She walked into the room quietly and sniffed each person there. Then she scoped out her surroundings, including a bright red bowl with water, before finding a comfortable spot by the door to settle down for a nap.

Cheyenne, a shepherd mix, got high marks for her behavior.

"She did exactly what she was supposed to do," said canine expert Cesar Millan, visiting the District to discuss his new show "The Dog Whisperer."

Millan made no fuss over the canine interaction, simply stating: "She's a well-behaved dog."

Usually the dogs that Millan sees behave badly -- and their owners have called in the "dog whisperer" as a last-ditch effort.

The first season of "The Dog Whisperer" features 26 episodes, and most will show Millan working with two cases. Segments include a timid Great Dane afraid to walk on shiny floors; a Sheltie that barks incessantly when the toaster pops up or a human in the house talks on the telephone; and a black Lab mix that gets aggressive with other dogs when it goes for walks.

Millan is fond of saying that he rehabilitates dogs and trains people. He prefers to speak with owners before he meets the dogs, he said. He evaluates the people to see how they describe their dog's problem and asks how he can help. Then he gets an animal introduction.

"What's good for humans isn't always what's good for dogs," he said.

He stresses the need for dogs to have balance in their lives -- with exercise, discipline and affection, in that order. People tend to humanize dogs, he said, and often emphasize affection, which puts dogs out of balance.

In the United States, "we believe we love dogs very much, but we don't give them what they need." Among the best dog owners, he said, are homeless people because they move around a lot in different neighborhoods -- keeping their dogs active and interested in new environments.

It's also essential to understand that dogs have a pack mentality, and owners need to establish their dominance as the pack leader, he said.

Millan occasionally will take a dog to his center for "Power of the Pack" training, sort of a canine group therapy. But most of the cases in "The Dog Whisperer" take place in the homes of the dog owners.

In the show, "you will see that most of the dogs I work with have no rules, boundaries or limitations -- and that is not good for the dog or the owner," he said.

Millan's interventions usually take only minutes. A really tough case might take two hours. Of the thousands of dogs he has dealt with, there were just two, he said, that he could not help. They had been too abused.

He was born in Mexico and, until he was about 6, lived on a farm where he learned a lot about animals from his father and grandfather. He also watched "Lassie" and "Rin Tin Tin" on TV and decided at age 13 that he wanted to be the best dog trainer in the world.

He moved to California, where he became a dog groomer and began to counsel clients on their pets' behavioral issues. Basically self-taught, he established the Dog Psychology Center in Los Angeles in 1998, where he began to help the canines of the rich and famous. His wife, Illusion, and their two sons, Andre, 9, and Calvin, 5, help him with his work.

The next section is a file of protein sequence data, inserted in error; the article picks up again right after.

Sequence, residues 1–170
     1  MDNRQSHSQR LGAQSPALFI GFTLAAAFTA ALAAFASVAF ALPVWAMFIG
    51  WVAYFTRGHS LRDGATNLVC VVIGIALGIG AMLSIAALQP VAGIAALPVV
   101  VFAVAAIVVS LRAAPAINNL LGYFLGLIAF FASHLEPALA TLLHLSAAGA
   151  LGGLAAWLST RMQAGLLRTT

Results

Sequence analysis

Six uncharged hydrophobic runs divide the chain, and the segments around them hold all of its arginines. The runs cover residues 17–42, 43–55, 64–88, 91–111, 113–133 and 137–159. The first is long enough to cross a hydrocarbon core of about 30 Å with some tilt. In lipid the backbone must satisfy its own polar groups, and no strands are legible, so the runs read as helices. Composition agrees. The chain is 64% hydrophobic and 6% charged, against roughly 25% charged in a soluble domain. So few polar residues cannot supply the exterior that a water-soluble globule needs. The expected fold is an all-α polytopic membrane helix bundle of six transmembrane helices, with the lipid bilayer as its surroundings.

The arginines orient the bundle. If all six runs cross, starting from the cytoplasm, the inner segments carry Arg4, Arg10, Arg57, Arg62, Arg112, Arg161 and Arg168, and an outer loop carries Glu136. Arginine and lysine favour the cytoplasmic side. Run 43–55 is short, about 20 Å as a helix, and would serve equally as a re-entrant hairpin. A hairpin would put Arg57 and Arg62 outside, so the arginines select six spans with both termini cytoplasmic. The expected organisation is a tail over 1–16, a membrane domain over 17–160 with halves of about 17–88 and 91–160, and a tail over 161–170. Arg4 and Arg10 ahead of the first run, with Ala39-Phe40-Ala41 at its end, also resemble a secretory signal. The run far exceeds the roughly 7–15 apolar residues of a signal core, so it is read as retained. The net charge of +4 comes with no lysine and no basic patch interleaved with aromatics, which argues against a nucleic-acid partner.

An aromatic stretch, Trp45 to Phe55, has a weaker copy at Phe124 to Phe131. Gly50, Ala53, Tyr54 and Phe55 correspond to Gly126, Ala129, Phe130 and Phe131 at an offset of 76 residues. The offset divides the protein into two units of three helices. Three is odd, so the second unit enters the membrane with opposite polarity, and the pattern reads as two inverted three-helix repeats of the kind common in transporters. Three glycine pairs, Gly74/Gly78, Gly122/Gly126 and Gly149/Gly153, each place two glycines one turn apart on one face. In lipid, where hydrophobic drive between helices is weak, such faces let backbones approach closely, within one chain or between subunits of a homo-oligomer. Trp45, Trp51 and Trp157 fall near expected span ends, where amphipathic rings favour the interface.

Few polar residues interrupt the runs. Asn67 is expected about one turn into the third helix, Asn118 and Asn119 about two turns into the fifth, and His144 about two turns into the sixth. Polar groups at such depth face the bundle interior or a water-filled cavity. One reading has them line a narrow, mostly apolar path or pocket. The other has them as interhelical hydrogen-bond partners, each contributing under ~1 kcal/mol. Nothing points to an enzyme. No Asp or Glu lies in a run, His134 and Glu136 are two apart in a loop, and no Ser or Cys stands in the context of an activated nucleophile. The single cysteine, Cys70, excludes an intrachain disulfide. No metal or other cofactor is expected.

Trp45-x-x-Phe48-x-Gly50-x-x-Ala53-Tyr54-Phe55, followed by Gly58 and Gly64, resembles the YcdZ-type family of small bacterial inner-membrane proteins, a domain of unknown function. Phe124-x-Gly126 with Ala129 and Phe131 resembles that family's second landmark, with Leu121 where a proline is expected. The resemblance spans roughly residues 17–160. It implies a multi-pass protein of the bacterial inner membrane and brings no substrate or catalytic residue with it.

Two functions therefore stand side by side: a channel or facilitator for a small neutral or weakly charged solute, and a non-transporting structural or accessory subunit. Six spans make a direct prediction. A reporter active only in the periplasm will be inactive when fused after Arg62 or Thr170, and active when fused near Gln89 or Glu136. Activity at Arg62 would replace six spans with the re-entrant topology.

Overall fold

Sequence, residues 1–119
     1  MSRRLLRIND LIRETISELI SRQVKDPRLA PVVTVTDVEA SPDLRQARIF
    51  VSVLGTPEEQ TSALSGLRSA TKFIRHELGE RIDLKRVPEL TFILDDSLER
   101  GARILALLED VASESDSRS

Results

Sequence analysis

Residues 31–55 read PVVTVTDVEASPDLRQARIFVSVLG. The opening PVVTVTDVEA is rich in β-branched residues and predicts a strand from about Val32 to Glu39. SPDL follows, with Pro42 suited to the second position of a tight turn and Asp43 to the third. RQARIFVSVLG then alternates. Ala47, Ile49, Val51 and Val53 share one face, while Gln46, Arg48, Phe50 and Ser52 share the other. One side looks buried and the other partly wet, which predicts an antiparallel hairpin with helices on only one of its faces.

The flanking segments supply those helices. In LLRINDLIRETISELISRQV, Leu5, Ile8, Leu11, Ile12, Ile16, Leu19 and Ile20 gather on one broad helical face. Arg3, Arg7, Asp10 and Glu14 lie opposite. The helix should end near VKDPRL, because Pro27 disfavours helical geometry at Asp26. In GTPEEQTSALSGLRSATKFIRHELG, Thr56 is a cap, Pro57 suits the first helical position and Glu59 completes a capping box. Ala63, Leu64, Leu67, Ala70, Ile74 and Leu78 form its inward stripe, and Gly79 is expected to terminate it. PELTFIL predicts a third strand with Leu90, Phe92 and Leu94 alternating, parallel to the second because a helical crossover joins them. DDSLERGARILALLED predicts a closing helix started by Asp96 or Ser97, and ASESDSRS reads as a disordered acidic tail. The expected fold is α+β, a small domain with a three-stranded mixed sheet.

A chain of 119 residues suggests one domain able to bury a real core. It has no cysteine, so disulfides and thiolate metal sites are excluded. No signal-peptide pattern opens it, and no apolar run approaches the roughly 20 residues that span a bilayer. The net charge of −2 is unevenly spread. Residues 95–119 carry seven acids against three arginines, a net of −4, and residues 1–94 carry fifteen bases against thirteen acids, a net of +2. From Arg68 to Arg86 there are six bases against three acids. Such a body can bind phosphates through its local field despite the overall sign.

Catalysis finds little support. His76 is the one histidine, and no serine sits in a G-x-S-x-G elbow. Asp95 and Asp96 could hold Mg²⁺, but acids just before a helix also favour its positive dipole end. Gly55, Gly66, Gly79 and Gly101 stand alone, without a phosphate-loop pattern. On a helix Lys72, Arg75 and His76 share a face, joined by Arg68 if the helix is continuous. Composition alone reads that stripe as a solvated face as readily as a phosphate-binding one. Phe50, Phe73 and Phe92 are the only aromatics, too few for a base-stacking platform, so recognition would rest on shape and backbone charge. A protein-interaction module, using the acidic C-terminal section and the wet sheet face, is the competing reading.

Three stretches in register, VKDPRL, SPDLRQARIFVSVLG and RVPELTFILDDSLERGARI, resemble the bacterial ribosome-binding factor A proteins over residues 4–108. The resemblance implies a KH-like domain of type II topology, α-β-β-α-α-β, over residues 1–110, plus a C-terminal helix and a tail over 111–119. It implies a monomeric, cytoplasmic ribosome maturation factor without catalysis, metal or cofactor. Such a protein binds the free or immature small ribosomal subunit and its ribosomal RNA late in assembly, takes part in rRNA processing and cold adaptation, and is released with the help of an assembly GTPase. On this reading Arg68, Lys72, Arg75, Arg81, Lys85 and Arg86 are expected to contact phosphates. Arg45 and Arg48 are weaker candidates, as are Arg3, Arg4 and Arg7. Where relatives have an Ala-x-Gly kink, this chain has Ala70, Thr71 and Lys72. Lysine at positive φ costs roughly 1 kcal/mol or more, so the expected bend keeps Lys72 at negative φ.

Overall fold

Millan, 35, said he has been working with dogs for most of his life and has four of his own.

"I have an instinctive ability to relate to dogs from their point of view," he said, "and the goal is always the same: to achieve the connection between human and dog and to understand what's best for the dog."

Tips for Dealing With Best Friends

Pup pro Cesar Millan offers tips for those who already have dogs as well as for prospective new owners:

* With all dogs (and especially new ones), make sure you set aside time every day to establish rules, boundaries and limits, provide exercise, then give affection to the dog.

* Give the dog something to do before you share food, water, toys or affection. It can be as simple as telling the dog to sit. This way the treat has been earned.

* It is essential to create a schedule that includes a daily 45-minute power walk in the morning.

* When leaving the house, always walk out the door ahead of your dog to demonstrate who is boss.

* During walks, make sure your dog is not pulling you down the street, but instead is at your side or behind you. This will demonstrate to your dog that you are the leader.

And, especially for those considering getting a dog:

* Consider the new responsibilities you will face as a dog owner. What are you willing to do? How much time are you willing to invest?

* Involve the whole family in the experience of bringing a new dog home. Discuss the responsibilities and how to share them before the dog arrives.

* Find a dog that fits your lifestyle. More active breeds, such as hunting and herding dogs, require more physical challenges such as exercise to stay physically and mentally content.

* If you are adopting an older animal, realize that some dogs may have had past experiences that will affect their reactions to children, adults and other animals.

* Be willing to set up a budget for unexpected needs, such as medical bills and training classes.